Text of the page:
mine’s simple, with both sets of grand parents we call them Mama ___ and Papa___. And the same applies to the great grandparents.

    and I’m also from Guanajuato, but it’s a pretty small town, and a rancho, so i don’t know if that has anything to do with it.


  15. Hector says:

    Good question: My paternal grandmother was “abuelita” and my maternal grandparents in Salamanca, GTO were “tito” and “tita”.

  16. Gustavo Arellano says:

    @soledadenmasa: I still do the kissing-the-hand bit with my aunts and grandmothers. Straight-up old school!

    @Momo & Chimatli: Gracias for buying my book!

  17. Gustavo,
    I don’t do it with my aunts/uncles because they’re still young, but once they get older, I feel I will. Ya think this is some leftover of strict Catholic mores?

  18. Lupita says:

    Cindy, I enjoyed reading this post! So, I have to comment.

    My grandfathers have both passed away. My mom’s side of the family which are from northern Jalisco, not to far from Jerez, Zacatecas, I call her Mami and everyone called my grandfather, “Papi”. According to my family, I renamed or added “Papi Tata”! As for my dad’s side, which are from a ranchito between Lagos de Moreno, Jalisco and Leon, GTO, I call my grandmother “Abuelita” and of course called my grandfather “Abuelito”. I also greet my grandmothers with a kiss on the hand and then a hug and kiss on the cheek.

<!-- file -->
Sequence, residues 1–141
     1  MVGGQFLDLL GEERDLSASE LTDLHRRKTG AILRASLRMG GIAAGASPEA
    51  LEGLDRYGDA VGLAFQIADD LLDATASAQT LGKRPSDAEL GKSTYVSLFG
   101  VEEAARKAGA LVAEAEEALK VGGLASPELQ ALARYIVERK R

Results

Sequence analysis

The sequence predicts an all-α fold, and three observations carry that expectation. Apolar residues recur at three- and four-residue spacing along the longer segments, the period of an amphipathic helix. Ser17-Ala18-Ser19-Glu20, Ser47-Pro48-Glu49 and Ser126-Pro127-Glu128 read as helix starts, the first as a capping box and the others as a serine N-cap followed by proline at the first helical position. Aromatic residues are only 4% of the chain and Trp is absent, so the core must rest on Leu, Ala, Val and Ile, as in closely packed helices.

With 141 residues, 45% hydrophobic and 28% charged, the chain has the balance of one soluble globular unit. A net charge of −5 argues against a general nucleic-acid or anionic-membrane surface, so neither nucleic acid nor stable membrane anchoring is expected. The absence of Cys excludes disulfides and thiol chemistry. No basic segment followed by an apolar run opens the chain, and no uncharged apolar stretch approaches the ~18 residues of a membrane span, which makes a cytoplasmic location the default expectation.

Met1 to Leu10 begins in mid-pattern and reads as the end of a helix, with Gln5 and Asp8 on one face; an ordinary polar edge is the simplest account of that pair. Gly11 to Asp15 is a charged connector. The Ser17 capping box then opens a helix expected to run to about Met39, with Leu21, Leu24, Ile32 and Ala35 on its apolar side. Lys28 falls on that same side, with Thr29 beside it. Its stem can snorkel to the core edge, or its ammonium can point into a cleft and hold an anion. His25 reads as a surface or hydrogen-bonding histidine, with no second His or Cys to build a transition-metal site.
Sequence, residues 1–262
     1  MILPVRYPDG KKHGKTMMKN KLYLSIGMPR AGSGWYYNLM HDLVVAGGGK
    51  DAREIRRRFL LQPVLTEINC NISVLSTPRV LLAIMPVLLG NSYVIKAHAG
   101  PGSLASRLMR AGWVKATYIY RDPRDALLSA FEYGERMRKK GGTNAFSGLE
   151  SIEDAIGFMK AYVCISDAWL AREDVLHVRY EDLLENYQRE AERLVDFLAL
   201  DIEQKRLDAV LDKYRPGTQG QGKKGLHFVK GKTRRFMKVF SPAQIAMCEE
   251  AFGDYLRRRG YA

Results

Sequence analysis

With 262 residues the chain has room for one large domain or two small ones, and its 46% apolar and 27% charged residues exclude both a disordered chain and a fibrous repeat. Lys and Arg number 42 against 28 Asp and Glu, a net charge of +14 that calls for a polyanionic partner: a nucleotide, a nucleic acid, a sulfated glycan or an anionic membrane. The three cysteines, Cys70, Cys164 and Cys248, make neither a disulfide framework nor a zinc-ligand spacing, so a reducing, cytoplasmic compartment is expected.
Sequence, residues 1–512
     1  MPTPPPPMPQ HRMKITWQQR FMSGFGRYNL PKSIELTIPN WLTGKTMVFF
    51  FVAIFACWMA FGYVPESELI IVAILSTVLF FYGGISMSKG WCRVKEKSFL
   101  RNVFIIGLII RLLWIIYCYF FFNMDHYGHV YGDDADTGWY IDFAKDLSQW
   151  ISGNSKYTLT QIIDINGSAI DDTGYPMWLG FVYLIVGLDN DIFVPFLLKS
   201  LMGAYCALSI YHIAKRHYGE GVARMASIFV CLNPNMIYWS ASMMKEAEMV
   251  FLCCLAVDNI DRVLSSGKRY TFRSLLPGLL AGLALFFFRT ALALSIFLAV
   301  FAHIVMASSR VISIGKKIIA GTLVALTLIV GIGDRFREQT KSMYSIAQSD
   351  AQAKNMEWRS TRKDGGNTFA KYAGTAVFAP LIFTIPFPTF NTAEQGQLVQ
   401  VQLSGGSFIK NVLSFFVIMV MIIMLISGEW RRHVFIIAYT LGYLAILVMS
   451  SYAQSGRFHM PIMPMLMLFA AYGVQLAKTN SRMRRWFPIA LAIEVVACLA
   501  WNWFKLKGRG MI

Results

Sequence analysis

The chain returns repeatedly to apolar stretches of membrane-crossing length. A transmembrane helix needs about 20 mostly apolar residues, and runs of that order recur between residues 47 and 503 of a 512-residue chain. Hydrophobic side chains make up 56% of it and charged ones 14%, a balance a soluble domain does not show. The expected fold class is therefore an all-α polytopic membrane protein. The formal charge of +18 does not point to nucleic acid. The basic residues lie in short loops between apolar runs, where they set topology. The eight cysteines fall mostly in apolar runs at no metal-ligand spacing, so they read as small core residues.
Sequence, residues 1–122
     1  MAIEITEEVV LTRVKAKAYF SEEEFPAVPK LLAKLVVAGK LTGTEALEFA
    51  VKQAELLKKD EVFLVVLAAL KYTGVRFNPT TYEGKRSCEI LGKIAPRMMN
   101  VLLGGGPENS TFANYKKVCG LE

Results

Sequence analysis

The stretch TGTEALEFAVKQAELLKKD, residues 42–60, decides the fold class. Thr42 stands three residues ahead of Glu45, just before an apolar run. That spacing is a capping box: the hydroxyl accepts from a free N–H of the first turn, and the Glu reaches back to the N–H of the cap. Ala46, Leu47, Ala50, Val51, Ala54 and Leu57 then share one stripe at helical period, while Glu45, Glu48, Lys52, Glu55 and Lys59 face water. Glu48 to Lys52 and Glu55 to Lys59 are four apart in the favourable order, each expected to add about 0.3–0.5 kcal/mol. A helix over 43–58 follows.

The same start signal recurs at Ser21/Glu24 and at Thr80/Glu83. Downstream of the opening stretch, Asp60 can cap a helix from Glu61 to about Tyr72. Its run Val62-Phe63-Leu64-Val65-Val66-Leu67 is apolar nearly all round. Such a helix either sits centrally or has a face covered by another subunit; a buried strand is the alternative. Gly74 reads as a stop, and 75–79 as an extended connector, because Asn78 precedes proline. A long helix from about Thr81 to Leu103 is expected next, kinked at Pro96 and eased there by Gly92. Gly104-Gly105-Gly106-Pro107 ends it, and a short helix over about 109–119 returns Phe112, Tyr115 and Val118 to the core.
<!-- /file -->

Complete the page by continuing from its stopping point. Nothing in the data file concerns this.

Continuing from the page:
19. I called my grandfather Bob. That was his first name…lol..I never thought it was weird until someone pointed it out to me that this was odd.